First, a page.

|Largest Turing Test Ever|
|Written by Sue Gee|
|Wednesday, 27 June 2012|
Chatbot Eugene Goostman, the creation of Vladimir Veselov who endowed his machine with the personality of a 13-year old boy, was awarded 1st Prize at a Turing Test event held on June 23rd 2012, the 100th Anniversary of Alan Turing's birth.
Alan Turing proposed the idea for "The Imitation Game", which we now refer to as the Turing Test, in 1950.
He dreamed up the idea to address the question "Can machines think?" and the details are in the paper Computing Machinery and Intelligence published in the journal, Mind.
Turing proposed that a machine that could convince human judges that they were conversing with another human 30% of the time would "win" his test - and so far no machine has won.
The event that was staged at Bletchley Park, where Alan Turing worked as a codebreaker during World War II, on the date of the 100th anniversary of his birth was the biggest ever Turing Test with 30 judges "listening" - that is, exchanging typed messages - with 30 unseen others - 25 humans and five software "chatbot" programs.
(Click to read chat)
Despite being awarded the Colonnade Trophy for coming first, Veselov's chatbot Eugene Goostman only convinced judges 29% of the time and so still falls short of "passing" the Turing Test.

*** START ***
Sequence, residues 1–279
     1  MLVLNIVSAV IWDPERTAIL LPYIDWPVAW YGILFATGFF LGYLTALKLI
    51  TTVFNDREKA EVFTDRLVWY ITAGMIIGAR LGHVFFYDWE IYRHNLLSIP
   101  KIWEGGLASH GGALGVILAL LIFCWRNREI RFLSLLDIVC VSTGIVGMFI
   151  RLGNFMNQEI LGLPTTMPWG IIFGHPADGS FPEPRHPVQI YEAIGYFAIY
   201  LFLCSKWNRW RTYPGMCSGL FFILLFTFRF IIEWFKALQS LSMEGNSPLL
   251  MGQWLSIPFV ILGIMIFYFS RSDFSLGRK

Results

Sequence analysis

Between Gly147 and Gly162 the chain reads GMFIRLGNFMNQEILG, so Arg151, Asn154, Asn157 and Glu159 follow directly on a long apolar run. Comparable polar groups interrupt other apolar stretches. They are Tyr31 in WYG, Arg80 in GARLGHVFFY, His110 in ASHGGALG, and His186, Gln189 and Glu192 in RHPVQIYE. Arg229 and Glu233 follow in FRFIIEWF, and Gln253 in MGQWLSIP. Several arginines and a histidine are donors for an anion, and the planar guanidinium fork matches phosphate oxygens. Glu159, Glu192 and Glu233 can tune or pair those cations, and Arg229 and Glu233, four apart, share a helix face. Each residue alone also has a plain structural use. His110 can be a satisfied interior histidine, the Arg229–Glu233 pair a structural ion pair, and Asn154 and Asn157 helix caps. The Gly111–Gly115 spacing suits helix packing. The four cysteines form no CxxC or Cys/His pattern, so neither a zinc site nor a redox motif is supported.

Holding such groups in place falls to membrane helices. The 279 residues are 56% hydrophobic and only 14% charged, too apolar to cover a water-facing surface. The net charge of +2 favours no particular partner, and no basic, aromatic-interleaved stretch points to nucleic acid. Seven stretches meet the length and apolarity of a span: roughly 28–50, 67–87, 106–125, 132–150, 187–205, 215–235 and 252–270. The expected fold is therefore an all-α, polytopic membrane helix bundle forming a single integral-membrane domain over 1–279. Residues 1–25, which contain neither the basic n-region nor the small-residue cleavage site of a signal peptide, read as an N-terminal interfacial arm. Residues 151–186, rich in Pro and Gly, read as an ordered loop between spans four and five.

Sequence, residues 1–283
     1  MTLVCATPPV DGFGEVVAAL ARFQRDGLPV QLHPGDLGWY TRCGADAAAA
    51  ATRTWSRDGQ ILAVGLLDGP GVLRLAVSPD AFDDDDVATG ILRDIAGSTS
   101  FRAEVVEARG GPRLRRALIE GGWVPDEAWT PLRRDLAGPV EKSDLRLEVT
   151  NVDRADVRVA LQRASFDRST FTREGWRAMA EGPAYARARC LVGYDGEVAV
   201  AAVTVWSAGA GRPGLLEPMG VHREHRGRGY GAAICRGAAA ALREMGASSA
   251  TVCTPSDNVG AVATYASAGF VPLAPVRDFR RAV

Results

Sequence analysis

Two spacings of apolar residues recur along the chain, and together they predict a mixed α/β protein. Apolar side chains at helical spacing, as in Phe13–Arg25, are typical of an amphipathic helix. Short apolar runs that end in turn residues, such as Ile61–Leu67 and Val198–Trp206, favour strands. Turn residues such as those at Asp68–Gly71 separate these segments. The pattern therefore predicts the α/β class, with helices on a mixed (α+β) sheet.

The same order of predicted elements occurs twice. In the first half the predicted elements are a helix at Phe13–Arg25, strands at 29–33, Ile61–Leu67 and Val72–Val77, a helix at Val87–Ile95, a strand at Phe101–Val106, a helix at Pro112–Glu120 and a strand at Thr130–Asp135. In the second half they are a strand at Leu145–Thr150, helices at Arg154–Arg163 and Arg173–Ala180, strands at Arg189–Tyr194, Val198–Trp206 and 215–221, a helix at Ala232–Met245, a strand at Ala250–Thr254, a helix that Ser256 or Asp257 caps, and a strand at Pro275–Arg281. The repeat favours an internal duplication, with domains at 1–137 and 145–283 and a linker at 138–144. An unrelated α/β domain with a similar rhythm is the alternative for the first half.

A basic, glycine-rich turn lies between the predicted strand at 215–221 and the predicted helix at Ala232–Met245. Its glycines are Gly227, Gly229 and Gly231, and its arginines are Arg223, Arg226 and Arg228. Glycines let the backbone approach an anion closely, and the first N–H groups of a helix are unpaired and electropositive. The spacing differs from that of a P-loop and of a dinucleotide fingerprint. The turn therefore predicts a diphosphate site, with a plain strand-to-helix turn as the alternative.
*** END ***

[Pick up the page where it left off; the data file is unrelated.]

Eugene Asked why he had given his creation the personality of a 13-year old Ukranian, Veselov explains:
"13 years old is not too old to know everything and not too young to know nothing."
If you want to try a conversation with Eugene, dubbed "The Weirdest Creature in the World" you can do so online.
Four or the five of the programmers participating in the contest were former winners of the annual Loebner Prize Contest (LPC) and its winner, Vladimir Veselov, had been LPC runner-up three times. In a close second place, came Robby Garner with JFred, and third place went to Rollo Carpenter's Cleverbot.
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|Last Updated ( Sunday, 27 September 2015 )|